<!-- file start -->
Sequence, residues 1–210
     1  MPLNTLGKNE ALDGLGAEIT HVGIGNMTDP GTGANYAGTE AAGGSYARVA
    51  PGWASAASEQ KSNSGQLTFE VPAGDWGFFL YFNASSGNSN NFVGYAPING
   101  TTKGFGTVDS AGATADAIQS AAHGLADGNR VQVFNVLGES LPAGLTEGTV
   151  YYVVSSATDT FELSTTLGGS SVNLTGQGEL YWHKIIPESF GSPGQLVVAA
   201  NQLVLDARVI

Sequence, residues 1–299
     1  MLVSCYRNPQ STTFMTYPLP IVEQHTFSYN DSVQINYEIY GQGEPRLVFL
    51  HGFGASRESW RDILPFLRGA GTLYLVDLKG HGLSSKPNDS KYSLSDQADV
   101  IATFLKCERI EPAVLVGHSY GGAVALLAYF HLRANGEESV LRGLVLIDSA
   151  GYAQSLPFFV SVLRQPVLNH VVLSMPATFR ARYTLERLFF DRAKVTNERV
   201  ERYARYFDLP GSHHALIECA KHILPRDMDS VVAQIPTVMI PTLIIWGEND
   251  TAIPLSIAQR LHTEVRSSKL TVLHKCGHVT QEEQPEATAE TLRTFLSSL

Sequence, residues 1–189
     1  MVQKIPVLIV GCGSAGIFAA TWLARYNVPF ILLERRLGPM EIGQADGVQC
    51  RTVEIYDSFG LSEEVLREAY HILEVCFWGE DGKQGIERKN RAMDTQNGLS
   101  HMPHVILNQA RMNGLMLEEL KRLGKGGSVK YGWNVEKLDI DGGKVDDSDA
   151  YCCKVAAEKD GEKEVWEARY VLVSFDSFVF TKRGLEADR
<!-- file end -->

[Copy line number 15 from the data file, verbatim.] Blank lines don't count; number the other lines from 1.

     1  MVQKIPVLIV GCGSAGIFAA TWLARYNVPF ILLERRLGPM EIGQADGVQC